John Wilkes Booth assassinated Abraham Lincoln at Ford’s Theatre in Washington, D.C. Inside that theatre today, Ranger Powell of the U.S. Parks Service takes crowds of tourists, the curious and the ghoulish through a step-by-step description of the assassination. Underneath the box where Lincoln was shot, he describes the plot of the comedy Lincoln watched that night, Our American Cousin, as being “kind of like the Beverly Hillbillies.”
Scratch the surface of any story and underneath you will find layer upon layer of fiction masquerading as fact. The play’s main character, Mark Killman—a feared but much admired director—draws inspiration from Abraham Lincoln’s assassination to stage the schizophrenia of America. He hires two actors to play Laurel and Hardy. Both are to re-enact the assassination, while he himself plays the iconic role of Abraham Lincoln as a wax figure.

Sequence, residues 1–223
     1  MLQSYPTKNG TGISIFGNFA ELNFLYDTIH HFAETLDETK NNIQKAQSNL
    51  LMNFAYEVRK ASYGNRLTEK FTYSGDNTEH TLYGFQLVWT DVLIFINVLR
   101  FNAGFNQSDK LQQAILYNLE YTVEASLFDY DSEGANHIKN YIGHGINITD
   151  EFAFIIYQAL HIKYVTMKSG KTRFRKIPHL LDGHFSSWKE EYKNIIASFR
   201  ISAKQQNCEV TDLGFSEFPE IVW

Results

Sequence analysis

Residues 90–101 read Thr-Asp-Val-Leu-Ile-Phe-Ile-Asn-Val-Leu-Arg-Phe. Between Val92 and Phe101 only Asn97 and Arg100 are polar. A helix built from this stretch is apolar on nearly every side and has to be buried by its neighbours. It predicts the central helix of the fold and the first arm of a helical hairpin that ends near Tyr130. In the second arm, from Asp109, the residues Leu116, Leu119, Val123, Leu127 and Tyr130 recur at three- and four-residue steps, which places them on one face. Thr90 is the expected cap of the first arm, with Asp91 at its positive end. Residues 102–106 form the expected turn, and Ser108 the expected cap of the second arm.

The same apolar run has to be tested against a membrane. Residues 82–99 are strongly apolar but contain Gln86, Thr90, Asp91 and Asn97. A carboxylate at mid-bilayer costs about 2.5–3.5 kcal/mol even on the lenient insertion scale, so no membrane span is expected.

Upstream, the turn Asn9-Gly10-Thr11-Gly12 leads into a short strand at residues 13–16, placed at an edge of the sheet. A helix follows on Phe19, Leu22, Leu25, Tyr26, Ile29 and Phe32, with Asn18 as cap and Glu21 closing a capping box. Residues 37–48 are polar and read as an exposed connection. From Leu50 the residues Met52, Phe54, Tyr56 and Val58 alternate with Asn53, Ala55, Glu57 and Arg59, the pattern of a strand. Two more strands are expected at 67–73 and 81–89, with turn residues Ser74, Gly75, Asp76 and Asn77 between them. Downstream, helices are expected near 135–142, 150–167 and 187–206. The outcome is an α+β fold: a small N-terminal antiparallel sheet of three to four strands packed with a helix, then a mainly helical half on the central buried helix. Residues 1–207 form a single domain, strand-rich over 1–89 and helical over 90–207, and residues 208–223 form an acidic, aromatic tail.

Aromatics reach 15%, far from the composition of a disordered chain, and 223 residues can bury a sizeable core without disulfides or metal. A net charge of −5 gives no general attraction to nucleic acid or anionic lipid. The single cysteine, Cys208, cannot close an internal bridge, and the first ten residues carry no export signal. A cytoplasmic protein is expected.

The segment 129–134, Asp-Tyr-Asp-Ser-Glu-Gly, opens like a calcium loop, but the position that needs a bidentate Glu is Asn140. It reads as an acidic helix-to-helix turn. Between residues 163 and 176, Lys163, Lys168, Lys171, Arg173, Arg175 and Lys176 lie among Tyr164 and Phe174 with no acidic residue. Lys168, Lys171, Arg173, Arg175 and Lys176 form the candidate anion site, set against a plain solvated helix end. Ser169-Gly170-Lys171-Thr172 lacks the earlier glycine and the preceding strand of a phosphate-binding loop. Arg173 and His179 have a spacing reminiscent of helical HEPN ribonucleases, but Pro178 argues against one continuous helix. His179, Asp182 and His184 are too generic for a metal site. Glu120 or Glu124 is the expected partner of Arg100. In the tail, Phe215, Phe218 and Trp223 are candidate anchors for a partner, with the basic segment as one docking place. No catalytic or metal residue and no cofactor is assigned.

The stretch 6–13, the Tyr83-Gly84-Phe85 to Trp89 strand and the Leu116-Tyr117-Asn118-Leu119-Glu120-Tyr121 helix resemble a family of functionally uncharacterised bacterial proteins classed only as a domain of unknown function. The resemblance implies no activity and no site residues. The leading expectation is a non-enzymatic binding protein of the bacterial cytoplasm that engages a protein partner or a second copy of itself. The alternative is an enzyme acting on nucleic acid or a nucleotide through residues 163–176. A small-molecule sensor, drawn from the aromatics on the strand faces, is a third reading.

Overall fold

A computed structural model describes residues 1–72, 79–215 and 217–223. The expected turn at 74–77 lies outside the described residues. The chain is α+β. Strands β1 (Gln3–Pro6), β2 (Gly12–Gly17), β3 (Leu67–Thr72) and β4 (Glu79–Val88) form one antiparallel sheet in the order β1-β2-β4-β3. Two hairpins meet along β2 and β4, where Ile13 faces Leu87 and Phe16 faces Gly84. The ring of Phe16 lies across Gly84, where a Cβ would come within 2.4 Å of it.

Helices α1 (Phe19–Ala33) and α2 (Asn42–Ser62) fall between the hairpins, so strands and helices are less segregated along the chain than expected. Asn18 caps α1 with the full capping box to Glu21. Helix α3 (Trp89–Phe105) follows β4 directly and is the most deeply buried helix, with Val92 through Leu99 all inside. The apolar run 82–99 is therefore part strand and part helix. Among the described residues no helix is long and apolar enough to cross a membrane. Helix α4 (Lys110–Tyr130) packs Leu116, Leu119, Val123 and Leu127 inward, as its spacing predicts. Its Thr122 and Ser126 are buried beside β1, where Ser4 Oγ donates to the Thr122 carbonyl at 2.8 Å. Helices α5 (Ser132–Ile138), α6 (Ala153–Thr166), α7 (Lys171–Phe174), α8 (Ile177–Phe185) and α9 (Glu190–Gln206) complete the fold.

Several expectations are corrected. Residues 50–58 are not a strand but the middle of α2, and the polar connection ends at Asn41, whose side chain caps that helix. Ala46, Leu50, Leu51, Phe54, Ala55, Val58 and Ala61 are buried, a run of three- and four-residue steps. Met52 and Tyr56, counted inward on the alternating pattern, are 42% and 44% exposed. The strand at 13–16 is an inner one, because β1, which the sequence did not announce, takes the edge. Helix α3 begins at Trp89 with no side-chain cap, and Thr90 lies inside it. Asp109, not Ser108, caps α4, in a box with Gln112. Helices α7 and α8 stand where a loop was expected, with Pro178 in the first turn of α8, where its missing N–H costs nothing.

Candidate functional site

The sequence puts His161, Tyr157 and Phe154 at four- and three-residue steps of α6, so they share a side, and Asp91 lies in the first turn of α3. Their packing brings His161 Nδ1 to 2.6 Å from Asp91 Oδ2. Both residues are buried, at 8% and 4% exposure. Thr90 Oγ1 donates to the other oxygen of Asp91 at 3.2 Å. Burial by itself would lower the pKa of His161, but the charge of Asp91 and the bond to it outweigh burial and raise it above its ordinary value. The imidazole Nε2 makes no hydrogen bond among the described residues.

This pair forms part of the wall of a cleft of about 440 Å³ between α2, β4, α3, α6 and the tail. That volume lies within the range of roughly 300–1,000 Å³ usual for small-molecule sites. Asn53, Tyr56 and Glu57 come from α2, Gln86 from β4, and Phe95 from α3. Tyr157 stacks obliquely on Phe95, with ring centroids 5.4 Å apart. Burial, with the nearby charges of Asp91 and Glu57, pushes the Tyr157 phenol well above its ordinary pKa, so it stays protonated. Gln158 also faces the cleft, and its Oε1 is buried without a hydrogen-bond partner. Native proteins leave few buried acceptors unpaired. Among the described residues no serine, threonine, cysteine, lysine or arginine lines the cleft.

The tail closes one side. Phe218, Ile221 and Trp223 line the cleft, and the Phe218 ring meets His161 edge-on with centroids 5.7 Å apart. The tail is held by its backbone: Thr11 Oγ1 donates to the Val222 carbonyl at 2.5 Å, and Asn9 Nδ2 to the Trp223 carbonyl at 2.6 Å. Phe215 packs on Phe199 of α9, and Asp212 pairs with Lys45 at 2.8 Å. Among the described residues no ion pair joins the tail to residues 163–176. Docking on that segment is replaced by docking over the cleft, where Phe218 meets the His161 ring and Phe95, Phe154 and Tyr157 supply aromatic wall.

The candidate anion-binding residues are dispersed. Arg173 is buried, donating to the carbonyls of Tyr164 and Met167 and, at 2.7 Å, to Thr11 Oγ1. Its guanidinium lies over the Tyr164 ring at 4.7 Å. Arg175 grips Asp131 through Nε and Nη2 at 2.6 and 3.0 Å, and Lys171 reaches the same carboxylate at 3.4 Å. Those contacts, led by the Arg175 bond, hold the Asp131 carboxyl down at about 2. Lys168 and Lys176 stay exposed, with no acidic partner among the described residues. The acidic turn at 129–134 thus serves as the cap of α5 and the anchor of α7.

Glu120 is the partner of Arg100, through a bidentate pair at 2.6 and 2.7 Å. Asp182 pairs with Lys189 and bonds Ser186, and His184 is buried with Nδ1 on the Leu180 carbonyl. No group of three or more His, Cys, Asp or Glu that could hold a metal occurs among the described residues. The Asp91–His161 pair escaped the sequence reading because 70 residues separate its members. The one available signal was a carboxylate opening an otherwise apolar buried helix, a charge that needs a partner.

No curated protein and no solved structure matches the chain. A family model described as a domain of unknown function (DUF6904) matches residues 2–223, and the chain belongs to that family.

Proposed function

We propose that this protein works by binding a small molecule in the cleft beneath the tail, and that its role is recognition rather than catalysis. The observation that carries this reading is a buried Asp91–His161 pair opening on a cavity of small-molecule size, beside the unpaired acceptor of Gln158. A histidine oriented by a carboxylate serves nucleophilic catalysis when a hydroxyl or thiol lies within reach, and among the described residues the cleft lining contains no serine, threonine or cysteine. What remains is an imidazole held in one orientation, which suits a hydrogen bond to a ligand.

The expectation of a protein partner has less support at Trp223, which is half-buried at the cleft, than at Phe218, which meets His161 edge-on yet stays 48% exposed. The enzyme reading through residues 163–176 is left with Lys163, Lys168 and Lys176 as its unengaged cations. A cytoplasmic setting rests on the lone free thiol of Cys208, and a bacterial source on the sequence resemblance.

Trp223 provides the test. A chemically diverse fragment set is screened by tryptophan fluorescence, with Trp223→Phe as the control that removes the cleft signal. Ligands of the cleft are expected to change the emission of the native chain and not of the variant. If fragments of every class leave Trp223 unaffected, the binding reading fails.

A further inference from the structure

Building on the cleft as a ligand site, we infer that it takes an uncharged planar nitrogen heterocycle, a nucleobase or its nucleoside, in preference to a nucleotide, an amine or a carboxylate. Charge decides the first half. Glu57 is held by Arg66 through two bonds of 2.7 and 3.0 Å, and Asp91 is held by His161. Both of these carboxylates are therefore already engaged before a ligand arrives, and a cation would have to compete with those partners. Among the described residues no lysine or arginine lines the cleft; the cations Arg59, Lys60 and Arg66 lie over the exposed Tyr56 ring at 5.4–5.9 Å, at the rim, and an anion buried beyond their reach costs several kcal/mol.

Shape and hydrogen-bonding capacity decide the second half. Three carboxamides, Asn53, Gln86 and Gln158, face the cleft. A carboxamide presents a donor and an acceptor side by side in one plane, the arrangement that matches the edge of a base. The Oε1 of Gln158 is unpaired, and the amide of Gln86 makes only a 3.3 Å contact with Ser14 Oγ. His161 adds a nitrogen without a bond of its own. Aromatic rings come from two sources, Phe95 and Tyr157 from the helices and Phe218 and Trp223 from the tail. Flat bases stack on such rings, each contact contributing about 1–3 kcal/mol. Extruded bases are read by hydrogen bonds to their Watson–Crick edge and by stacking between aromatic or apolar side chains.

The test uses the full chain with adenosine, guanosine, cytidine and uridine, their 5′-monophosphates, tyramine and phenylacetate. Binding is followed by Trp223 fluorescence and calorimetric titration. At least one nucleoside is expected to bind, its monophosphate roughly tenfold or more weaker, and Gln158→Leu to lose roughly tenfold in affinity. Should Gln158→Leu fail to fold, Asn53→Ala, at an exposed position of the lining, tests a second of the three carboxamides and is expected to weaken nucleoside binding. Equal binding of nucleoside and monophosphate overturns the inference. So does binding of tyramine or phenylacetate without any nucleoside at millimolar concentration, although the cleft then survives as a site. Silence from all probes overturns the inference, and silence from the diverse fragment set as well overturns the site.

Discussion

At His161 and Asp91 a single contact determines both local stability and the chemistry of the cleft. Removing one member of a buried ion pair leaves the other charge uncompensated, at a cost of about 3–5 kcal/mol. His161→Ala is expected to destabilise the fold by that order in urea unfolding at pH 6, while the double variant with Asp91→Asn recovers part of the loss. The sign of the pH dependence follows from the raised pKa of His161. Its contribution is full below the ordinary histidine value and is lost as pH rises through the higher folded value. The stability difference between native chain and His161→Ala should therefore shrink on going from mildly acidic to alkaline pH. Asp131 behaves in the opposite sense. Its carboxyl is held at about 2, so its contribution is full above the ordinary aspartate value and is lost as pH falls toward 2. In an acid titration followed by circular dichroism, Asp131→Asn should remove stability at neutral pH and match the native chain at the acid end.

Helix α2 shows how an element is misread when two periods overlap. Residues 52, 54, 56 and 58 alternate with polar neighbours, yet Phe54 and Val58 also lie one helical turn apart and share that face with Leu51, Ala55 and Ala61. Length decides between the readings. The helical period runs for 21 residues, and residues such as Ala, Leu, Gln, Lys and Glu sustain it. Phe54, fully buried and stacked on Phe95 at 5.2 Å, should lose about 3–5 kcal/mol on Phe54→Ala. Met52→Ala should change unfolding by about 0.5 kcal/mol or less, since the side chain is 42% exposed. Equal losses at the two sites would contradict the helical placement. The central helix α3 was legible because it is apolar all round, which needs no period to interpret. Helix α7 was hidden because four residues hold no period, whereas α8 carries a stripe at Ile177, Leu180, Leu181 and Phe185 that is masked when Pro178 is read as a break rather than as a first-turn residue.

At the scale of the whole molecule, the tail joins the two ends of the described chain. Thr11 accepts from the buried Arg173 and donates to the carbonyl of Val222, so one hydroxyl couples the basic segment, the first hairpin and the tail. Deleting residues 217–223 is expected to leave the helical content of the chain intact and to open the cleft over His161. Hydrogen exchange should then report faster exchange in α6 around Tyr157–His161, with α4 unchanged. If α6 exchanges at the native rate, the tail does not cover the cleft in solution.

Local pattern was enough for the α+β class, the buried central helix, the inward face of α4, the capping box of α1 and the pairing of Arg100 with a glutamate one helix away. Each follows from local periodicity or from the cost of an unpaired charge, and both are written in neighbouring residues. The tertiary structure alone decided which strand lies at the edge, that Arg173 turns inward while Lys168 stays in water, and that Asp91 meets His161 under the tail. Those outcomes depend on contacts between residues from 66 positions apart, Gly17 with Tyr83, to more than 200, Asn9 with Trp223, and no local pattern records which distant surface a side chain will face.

The script is frequently self-referential, building on each of these “retakes” with further allusions to itself, telling the same story many times over in different voices from different points of view. Tremblay quite explicitly stages elements of literary theory with this play, including references to Jean Baudrillard’s concept of the simulacra and the “desert of the real,” concepts first popularized by the movie The Matrix—the idea that in our post-modern world, the imitator has become more relevant than the imitated, and that the virtual worlds we construct are becoming more “real” to us than the real world.
Absurd, hilarious and haunting, Abraham Lincoln Goes to the Theatre is an unforgettable mystery that asks the question: How can we ever know who we are and what is true when the world we know is shifting beneath us? Its answer is simple: John Wilkes Booth was the first American star—the actor who kidnapped reality to transform it into theatre.
Cast of 3 men.
"… explores the wellsprings of psychic and social violence.”
— Canadian Encyclopedia
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